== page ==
While the concerns of large SLFs – those that are likely to face direct competition from FLFs practising Singapore law – are legitimate, the Committee believes that they will benefit over time from the enhanced competition, be incentivised to regionalise, and also benefit from increased demand in Singapore legal services.
- The point, Sir, is that for lawyers as a whole, the options are much greater. But it will require Singapore law firms, in particular the larger Singapore law firms, to prepare themselves for very intense competition. But that must benefit the market as a whole. The Committee certainly did not think that Singapore firms would be left only with litigation and conveyancing, which is one of Mr Yeo’s concerns; and Mr Yeo and others in the Committee know that the examples of Hong Kong and Bangkok were specifically discussed. As to whether there should be reconsideration of aspects of the opening up, I think it is too soon to consider substantive changes to the policy which has only been implemented last year, or even to take a view as to whether the hoped-for returns have or have not materialised.
- I will now move to arbitration.
Growth as an International Arbitration Hub
- Mr Alvin Yeo also asked about the growth of Singapore as a hub for international arbitration. Mr De Souza asked how the Government will promote Singapore as a seat for arbitration and Singapore law as the choice of law in arbitration clauses.
- We are beginning to see clear results from measures taken. Singapore has further anchored its position as the arbitration hub for the region, and I use that phrase advisedly.
- Over the decade, the Singapore International Arbitration Centre (SIAC) has grown from strength to strength. Just comparing 2008 to 2009, in 2008 SIAC handled 100 cases, and in 2009, it handled 160 cases – an impressive 60 per cent jump.
- More than 70 per cent (114 out of 160) of its cases were international, rather than domestic, cases. This is both a reflection of SIAC’s growing international standing and Singapore’s appeal as a venue for international arbitration. These figures relate purely to arbitration cases and do not include cases involving domain name disputes and mediations. It also does not include cases where only SIAC’s facilities were used for dispute resolution. So the increase in caseload is a reality, not a padded statistic as is sometimes the case with some other places.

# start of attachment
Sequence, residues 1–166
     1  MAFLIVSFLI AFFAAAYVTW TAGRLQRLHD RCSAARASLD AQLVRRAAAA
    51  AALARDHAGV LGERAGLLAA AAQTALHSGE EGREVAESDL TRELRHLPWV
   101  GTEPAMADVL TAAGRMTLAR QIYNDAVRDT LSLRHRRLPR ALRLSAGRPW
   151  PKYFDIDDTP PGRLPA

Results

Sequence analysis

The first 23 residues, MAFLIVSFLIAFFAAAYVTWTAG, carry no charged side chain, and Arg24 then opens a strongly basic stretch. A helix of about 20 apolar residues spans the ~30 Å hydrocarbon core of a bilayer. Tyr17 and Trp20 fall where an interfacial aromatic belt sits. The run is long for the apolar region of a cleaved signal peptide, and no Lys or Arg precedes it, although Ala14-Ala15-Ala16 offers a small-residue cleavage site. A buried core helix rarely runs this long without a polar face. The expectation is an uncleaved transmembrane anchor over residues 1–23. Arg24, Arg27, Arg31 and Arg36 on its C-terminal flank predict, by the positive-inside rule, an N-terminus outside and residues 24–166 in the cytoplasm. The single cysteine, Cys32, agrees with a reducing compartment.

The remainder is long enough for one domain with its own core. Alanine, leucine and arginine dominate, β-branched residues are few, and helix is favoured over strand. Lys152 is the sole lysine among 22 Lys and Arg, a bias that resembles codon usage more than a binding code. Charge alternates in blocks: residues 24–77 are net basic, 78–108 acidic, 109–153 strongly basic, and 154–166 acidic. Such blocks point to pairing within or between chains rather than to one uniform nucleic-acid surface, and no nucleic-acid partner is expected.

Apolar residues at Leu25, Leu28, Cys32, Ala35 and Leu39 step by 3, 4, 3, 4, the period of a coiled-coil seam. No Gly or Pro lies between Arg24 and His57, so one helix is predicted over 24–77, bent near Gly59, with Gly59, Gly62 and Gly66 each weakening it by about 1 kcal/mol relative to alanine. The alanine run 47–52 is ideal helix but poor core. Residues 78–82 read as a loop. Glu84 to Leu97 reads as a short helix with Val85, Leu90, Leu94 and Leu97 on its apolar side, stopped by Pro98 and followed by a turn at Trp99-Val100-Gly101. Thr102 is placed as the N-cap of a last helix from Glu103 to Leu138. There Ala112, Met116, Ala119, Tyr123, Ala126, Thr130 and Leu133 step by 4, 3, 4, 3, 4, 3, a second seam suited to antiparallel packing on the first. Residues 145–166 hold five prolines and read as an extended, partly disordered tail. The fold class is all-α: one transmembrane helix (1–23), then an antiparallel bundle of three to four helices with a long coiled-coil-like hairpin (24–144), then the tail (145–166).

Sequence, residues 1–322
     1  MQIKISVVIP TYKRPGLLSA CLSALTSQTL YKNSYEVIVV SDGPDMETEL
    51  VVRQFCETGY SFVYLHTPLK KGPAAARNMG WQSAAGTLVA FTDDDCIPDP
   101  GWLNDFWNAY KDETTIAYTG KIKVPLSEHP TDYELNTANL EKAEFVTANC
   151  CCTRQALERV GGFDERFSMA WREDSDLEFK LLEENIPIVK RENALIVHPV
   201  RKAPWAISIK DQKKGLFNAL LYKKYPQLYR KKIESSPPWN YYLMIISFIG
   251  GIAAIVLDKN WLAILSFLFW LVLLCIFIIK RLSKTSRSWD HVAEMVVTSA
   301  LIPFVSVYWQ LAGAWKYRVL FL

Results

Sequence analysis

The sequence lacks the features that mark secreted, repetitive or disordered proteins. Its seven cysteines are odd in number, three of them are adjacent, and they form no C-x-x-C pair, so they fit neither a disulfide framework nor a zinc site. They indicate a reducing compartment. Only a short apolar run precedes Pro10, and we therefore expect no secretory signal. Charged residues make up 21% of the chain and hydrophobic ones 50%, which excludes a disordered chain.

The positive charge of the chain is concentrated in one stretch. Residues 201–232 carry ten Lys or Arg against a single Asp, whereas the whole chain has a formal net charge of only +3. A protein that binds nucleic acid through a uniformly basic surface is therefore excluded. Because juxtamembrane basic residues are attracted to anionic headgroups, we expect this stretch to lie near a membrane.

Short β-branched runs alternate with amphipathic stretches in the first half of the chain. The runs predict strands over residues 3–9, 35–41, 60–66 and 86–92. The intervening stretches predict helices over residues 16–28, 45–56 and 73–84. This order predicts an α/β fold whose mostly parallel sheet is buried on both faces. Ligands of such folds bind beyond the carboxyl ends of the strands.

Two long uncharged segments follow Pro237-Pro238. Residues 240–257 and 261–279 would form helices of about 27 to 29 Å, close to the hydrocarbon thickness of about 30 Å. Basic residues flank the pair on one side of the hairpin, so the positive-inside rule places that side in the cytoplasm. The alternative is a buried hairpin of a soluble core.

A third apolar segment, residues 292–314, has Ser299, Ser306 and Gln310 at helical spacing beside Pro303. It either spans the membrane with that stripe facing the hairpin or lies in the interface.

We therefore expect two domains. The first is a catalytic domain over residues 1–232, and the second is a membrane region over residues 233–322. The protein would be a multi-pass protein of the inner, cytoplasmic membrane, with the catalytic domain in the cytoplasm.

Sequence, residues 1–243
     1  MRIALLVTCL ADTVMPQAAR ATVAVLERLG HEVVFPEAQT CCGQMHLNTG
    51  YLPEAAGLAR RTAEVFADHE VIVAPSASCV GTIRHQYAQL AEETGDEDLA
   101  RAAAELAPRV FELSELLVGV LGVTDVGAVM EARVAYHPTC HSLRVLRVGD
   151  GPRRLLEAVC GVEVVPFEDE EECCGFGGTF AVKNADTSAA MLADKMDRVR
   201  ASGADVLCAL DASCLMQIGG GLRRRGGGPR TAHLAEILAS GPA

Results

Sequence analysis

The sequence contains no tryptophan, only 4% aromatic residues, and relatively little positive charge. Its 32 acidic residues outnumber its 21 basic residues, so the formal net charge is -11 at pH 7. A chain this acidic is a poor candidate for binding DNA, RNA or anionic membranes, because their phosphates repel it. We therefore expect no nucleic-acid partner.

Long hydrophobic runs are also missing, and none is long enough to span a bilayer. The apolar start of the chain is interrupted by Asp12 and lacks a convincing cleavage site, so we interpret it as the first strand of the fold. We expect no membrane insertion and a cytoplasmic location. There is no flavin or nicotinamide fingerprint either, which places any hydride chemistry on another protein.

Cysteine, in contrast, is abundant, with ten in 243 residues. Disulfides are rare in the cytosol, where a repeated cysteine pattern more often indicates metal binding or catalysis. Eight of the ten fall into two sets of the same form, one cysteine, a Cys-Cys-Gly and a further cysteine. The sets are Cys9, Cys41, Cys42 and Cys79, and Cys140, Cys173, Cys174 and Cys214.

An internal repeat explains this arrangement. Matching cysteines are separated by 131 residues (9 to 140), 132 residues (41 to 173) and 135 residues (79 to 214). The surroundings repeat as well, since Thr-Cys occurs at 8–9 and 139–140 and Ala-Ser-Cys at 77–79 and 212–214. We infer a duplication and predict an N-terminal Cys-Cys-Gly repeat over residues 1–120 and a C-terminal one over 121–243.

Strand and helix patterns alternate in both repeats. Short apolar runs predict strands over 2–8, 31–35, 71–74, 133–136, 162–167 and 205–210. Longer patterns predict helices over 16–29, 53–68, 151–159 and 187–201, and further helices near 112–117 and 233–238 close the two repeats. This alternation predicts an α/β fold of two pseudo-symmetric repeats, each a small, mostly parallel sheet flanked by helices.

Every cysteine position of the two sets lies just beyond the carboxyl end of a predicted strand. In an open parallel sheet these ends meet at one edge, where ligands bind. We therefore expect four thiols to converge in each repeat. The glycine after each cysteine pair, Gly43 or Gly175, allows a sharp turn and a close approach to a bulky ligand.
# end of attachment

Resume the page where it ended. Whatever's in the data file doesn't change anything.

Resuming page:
- SIAC has now positioned itself as a top international arbitral institution of choice. Last year, we saw the appointment of a blue-ribboned board comprising nine international leading arbitrators and arbitration counsel. These appointments bring a new depth of international expertise to SIAC and further boost its reputation as a premier international institution. I am told that the new Board is also updating the SIAC Rules. A draft will go out to consultation next week, and the target date for its publication of the Rules is June.
- Mr Yeo mentioned the SIAC conference in Mumbai. I understand from SIAC that many more such conferences are planned. In 2012, the SIAC will host in Singapore one of the most prestigious international arbitration conferences in the world, the International Council for Commercial Arbitration.
- A 2008 report by the ICC International Court of Arbitration ranked Singapore the top city in Asia for ICC arbitrations and one of the five most popular venues alongside Paris, London, Geneva and Zurich.
- To complete the “arbitration ecosystem”, the Government established Maxwell Chambers, a dedicated state-of-the-art physical arbitration facility. Last July, Maxwell Chambers started operations. By the time it was officially opened in January this year, it had already hosted more than 60 hearings. More than half of Maxwell Chambers’ hearings involved foreign parties and are truly international arbitration cases.
- Our efforts have planted Singapore firmly on the world map for international arbitration. The Australians are looking to set up an international arbitration centre in Sydney much like Maxwell Chambers. The vice-president of an Australian arbitral institution has been quoted in an international journal as saying that, “with Maxwell Chambers and the promotion by its government, Singapore will always be the premiere choice because it is the hub between East and West.”
Development Expansion Incentive (DEI) for Legal Services
- To further consolidate Singapore’s position as a regional legal services hub and international arbitration centre, the Government has announced a new tax incentive which will confer a 10 per cent concessionary tax rate for five years on incremental income derived from international legal services that are GST zero-rated. Generally, this will include all legal services connected to land and goods outside Singapore, and intangible legal services provided to overseas clients.